Some time ago we ran the above photo of a young and very pretty Lana Turner, one of many informal shots extracted from our exclusive Collection of late star photographer Donald Gordon.
In doing so, we re-relayed the longstanding classic movie tale, that Turner was discovered while sipping a soda in a Hollywood ice cream parlor. It’s a great story, mostly for being true. Lana’s transformation from high school teenager to glamorous leading lady is one for the ages.
Lana Turner (born Julia Turner, nicknamed Judy) was a knockout from the get-go. By age 15, Lana (born in Idaho) found herself attending Hollywood High School.
Schoolmate, actress Nanette Fabray, recalled that she was the most incredibly beautiful girl we had ever seen. Even the teachers stared at her…she had the bearing of a princess. We all knew she would be a movie star.
Lana quickly became known as “The Sweater Girl” after she was discovered not at Schwab’s Drug Store but at Currie’s Ice Cream Parlor on the corner of Highland Ave. and Sunset Blvd.
She was cutting a high school typing class and sipping a coke with friends when she was introduced to man-about-Hollywood Billy Wilkerson.
Details of the encounter are contained in a 2018 biography of Wilkerson — Hollywood Godfather: The Life and Crimes of Billy Wilkerson (Chicago Review Press), written by his son, W.R. Wilkerson III.
The book is a warts and all look at this little-known (at least by the general public) shadowy figure, who harbored a personal vendetta against studio bosses along with a chuminess with organized crime figures.
Wilkerson was amazingly ambitious — he opened and ran many of Hollywood’s most renowned restaurants, cafes and clubs in the 1930s — and maintained an influential power base as the founder-publisher of The Hollywood Reporter, one of the film business’ two principal trade papers (the other is Daily Variety) that continues under different ownership to this day. (He is fodder for another, separate blog. Stay tuned.)
Back in January 1937, Wilkerson, then in his late Forties, took a break at Currie’s Ice Cream parlor, located at Sunset and Highland, a block away from The Reporter’s office. The soda shop was a popular hangout for the young women who attended Hollywood High School, located catty-corner across the street.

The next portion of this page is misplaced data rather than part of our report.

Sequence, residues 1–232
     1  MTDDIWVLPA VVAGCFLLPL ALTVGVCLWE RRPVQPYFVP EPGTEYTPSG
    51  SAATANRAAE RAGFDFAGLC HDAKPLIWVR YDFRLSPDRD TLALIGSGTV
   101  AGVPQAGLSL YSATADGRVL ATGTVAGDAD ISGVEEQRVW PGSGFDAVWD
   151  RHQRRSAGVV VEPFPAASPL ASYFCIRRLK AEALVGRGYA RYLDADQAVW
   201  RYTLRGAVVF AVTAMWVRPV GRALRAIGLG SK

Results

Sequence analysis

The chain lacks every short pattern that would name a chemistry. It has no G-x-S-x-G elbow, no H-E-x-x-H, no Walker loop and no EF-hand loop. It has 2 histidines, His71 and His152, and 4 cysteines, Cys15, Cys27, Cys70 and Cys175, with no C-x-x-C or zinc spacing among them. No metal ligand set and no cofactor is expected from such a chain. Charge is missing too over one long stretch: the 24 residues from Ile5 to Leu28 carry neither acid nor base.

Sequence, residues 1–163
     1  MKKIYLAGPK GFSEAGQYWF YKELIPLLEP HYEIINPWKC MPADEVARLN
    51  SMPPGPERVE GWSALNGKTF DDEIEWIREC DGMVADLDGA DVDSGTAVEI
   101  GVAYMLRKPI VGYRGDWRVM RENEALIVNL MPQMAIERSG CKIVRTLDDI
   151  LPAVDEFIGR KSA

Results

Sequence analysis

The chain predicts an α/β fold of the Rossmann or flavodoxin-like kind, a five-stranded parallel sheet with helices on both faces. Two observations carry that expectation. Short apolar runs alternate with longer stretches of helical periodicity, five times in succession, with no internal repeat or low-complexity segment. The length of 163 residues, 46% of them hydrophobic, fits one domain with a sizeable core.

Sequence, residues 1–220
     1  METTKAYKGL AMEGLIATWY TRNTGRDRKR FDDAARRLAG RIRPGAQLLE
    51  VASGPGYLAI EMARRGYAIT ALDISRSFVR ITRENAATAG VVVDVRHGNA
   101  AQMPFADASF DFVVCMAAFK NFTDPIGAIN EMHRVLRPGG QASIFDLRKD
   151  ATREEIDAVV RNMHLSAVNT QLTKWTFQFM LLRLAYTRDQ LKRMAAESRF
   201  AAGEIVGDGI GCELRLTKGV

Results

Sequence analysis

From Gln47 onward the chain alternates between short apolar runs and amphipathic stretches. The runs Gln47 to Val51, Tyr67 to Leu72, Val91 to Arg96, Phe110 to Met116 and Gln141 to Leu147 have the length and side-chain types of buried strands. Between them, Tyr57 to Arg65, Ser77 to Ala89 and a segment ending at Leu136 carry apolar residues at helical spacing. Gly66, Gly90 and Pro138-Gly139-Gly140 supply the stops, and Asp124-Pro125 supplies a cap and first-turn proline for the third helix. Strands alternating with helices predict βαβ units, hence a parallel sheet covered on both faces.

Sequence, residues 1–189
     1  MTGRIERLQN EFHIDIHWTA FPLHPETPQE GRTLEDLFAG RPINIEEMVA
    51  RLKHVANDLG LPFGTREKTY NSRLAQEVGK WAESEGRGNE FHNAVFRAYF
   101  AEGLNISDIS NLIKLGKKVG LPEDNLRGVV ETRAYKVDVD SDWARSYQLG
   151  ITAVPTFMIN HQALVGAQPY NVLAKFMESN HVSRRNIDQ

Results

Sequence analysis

Wilkerson fancied himself a keen judge of budding screen talent, and noticed that striking, young co-ed. “She was magic,” he later said.”She had a quality all her own that was unforgettable.”
Wilkerson asked the soda shop’s manager to arrange an introduction. At first, Lana was apprehensive. “At first I thought it was someone from the principal’s office,” she later said.
She was reassured by the manager that Wilkerson was a “very important man.” He then walked over, presented his business card and popped the time-honored question: would you like to be in pictures?
Lana responded that she’d have to ask her mother.
She did, and days later the two wound up in Wilkerson’s office. He put her in touch with Zeppo Marx, who had retired from The Marx Brothers to become a talent agent and who asked that director Mervyn LeRoy arrange a screen test. Lana soon found herself working as an extra in the 1937 version of A Star Is Born and in her first speaking role in They Won’t Forget.
Her appearance as a high school co-ed threatened by the randy principal earned Lana the “sweater girl” designation. “There’s no question that the most remarkable thing about Lana’s career was her discovery. It became the most important thing in her life,” said seen-it-all Hollywood attorney (and close Wilkerson pal) Greg Bautzer.
In any case, Wilkerson and Lana became fast friends. There he is (below left) at Lana’s fourth wedding, this time to Bob Topping. The wedding reception was held in Wilkerson’s Bel Air home.